Perry PlaintiffsThere have been two developments in the Perry v. Schwarzenegger case in the last ten days worth discussing.  The most recent is yesterday’s ruling by the Ninth Circuit Judicial Council that will allow the trial (due to begin on January 11th) to be televised.  Nan Hunter has the story here.  Televising of the case will certainly be applauded by the plaintiffs’ lawyers, David Boies and Ted Olson, who have wasted no opportunity to keep their case and their own names in the press.  Indeed, some have argued, myself included, that it isn’t clear whose interests are most advanced by this litigation: those of the plaintiffs’ lawyers or those of the people who will ultimately have to live with the outcome of this case.  Nuff said on that for now.

The second big issue, also one that suggests an ethical gap between the lawyering and the politics of the case, involves a motion by the plaintiffs to have the organizational proponents of Proposition 8 divulge their internal campaign communications relating to strategy and messaging.  Boies and Olson want this information in their effort to show that: “[t]he disadvantage Prop. 8 imposes on gays and lesbians is the result of disapproval or animus against a politically unpopular group.”  So, the internal communications of the Prop 8 organizers could show that they sought to ban marriage for same-sex couples because they don’t like gay people.  Not a crazy notion, surely, but is it a good idea?

Well, the 9th Circuit Court of Appeals thought it wasn’t.  3-0 the Court ruled that the plaintiffs couldn’t get access to this information because “Compelled disclosures concerning protected First Amendment political associations have a profound chilling effect on the exercise of political rights.”  Judges Raymond C. Fisher,  Kim McLane Wardlaw and Marsha S. Berzon found that the request violated well-settled constitutional law – established in a long line of cases where labor, leftist, civil rights and other progressive organizations were harassed by their opponents by trying to force them to divulge their membership lists and internal communications.  As Judge Fisher said for the majority in the 9th Circuit’s opinion:

The freedom to associate with others for the common advancement of political beliefs and ideas lies at the heart of the First Amendment. Where, as here, discovery would have the practical effect of discouraging the exercise of First Amendment associational rights, the party seeking discovery must demonstrate a need for the information sufficiently compelling to outweigh the impact on those rights.

The Court began it analysis of the substantive issue at stake by quoting from a case involving the NAACP: “Effective advocacy of both public and private points of view, particularly controversial ones, is undeniably enhanced by group association.” NAACP v. Alabama, 357 U.S. 449, 460 (1958).  It then turned to cases involving membership records of the Black Panther Party and labor unions  (AFL-CIO v. FEC, 333 F.3d 168 (D.C. Cir. 2003), Black Panther Party v. Smith, 661 F.2d 1243 (D.C. Cir. 1981))(“The Supreme Court has long recognized that compelled disclosure of political affiliations and activities can impose just as substantial a burden on First Amendment rights as can direct regulation.”), as well as cases seeking to compel testimony about membership in the Communist Party (Bates v. City of Little Rock, 361 U.S. 516 (1960)).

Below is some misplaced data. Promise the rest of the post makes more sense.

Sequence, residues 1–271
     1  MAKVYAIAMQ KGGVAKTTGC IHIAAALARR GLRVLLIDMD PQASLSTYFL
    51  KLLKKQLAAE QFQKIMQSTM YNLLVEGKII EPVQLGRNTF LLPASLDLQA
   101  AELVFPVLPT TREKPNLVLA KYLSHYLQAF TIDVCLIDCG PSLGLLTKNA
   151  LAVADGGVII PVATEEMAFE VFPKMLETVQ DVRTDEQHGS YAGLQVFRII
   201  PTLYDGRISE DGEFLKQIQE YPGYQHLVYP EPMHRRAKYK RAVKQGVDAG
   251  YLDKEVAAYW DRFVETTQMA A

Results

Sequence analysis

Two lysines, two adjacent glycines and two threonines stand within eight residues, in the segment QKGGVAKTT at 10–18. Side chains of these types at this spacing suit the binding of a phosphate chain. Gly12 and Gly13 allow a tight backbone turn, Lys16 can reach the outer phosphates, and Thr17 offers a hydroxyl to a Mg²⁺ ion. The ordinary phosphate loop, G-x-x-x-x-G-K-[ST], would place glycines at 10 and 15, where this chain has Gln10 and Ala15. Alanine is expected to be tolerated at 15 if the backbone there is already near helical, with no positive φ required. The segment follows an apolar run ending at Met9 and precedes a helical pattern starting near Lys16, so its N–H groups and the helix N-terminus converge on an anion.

As I have blogged before, I get worried when the lawyers on “our” side pursue litigation strategies borrowed from the opponents of other civil rights movements, and which are deeply non-progressive in nature.  Further, isn’t there something rather, um I don’t know, ironic about gay people seeking to use shame as a political tool to combat their enemies by dragging them out of the closet?  More about that here.  But then, isn’t that what we’d expect from a litigation team that has no relationship to, history with, or accountability to the political movement of which their clients’ individual interests are a part?  Remember, Boies and Olson brought the case over the strong objections of every lgbt civil rights organization in the country, and then successfully opposed the gay rights groups joining the lawsuit as co-plaintiffs.

One last observation about the case: one of the Judges on the 9th Circuit panel, Marsha Berzon, represented the AFL-CIO and other labor organizations before the Supreme Court before she was nominated to the 9th Circuit in 2000 by President Clinton. (Full disclosure: I worked for her at her old law firm Altschuler and Berzon when I was a law student.)  No one more than Judge Berzon appreciates the stakes for organized labor and other similar groups in a discovery motion such as the one made by Boies and Olsen in Perry v. Schwarzenegger.

But this issue may not be resolved yet: the 9th Circuit has reportedly decided to rehear the disclosure motion en banc, meaning by a larger panel of judges. So we’ll see if the January 11th trial date will stick.


  1. Gender & Sexuality Law Blog » Blog Archive » Where We At in Perry …

  2. I could not disagree more forcefully with Prof. Franke. There is nothing wrong about demanding to see the internal Prop. 8 documents. In fact, given the Romer v. Evans argument and the practical effect of this suit on millions of lives, it would be malpractice not to. We must fight like hell to win.

    Prof. Franke, by contrast, seems to care more about the symbolism of the NCAAP case and thinks it just isn’t polite of us to shame the bigots by exposing their real motives. Well, I say screw them! Given the stakes, we need a little less kumbaya-my-lord and a little more focus on the endzone.

  3. […] unions, suspected communists, and other leftist organization.  See my earlier posts on this here and […]

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